This is a recipe that is just plain yummy, and it’s something I would have made in the pre-wheat-free days as well. If you enjoy a crispy skin on tender chicken, this recipe is a great base which can modified in numerous ways to fit the seasonings that you prefer or have on hand.

In this case, I was using Tamari, which is the gluten-free version of soy sauce, and it inspired me to season further with ginger, garlic powder, some fresh tarragon (because I had it on hand) and my homemade Gomasio. (If I’d had some green onion, I would have used it in place of the tarragon, but the tarragon was great!) Take note in the recipe that I pulled the skin back on the chicken to get the herbs and seasonings underneath. This helps to infuse the meat with wonderful flavor, and the skin to become nice and crispy, mmm. Don’t be afraid to mix up the flavors if you prefer lemon/garlic, blackened/cajun or any other combination you enjoy!

Shirataki Noodles

Shirataki Noodles

To accompany the chicken, I made a simple chopped salad of romaine lettuce, fresh avocado, cubed cucumber, shirataki noodles, slivered almonds and Gomasio, topped with a dressing I threw together that my husband ended up being crazy about. It’s very fresh tasting and was also an experiment in using the shirataki noodles in this way. Shirataki noodles are still a new ingredient to me, though I have been hearing about them for quite some time. They are in the refrigerated specialty section in some larger groceries, though they don’t carry them in my small town, so I picked some up when I was in a neighboring Kroger the other day. They are gluten-free and grain-free, and made of tofu, though I wouldn’t say that they have a tofu taste or texture. I quite liked them in this salad, and I also added some to a nice hot bowl of miso soup the other day, and enjoyed that as well!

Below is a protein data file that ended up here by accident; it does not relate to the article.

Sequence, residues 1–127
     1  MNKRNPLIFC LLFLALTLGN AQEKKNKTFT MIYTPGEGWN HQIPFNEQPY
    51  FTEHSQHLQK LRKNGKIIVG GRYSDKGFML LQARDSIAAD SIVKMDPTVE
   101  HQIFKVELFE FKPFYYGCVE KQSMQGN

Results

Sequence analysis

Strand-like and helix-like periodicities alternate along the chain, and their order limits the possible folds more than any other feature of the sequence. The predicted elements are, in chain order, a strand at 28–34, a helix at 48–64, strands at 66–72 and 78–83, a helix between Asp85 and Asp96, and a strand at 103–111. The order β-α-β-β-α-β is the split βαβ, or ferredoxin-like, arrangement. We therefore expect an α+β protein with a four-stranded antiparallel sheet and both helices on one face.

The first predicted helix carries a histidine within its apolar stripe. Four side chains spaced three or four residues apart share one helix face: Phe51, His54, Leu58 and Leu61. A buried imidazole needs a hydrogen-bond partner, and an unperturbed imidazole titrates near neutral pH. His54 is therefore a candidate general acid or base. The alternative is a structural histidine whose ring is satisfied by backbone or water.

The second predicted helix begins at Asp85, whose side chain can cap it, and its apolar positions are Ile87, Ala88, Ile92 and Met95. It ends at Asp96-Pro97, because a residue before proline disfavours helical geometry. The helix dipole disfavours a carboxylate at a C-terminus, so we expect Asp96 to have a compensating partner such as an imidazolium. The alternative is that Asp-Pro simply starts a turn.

Crispy Herbed Tamari Ginger Chicken

Ingredients:

  • 4 chicken quarters (thigh/leg)
  • 1/4-1/2 cup tamari
  • 2Tb each fresh tarragon and parsley, finely chopped
  • garlic powder to taste
  • powdered ginger to taste
  • gomasio to taste
Seasoning under the skin

Seasoning under the skin

Directions:
Preheat the oven to 375 degrees. Line a baking sheet with foil. Rinse chicken and pat dry. Gently separate the chicken skin from the meat (leaving it attached at the sides) and brush under the skin with the tamari, season with the herbs and spices as desired (except gomasio). Pull the skin back into place and brush the chicken on both sides with tamari, season with herbs, spices and tamari. Bake for 45 minutes at 375, rotating the pan partway through cooking. Raise temp to 425 degrees and cook for another 10 minutes or until internal temperature reads 165. Serves 4.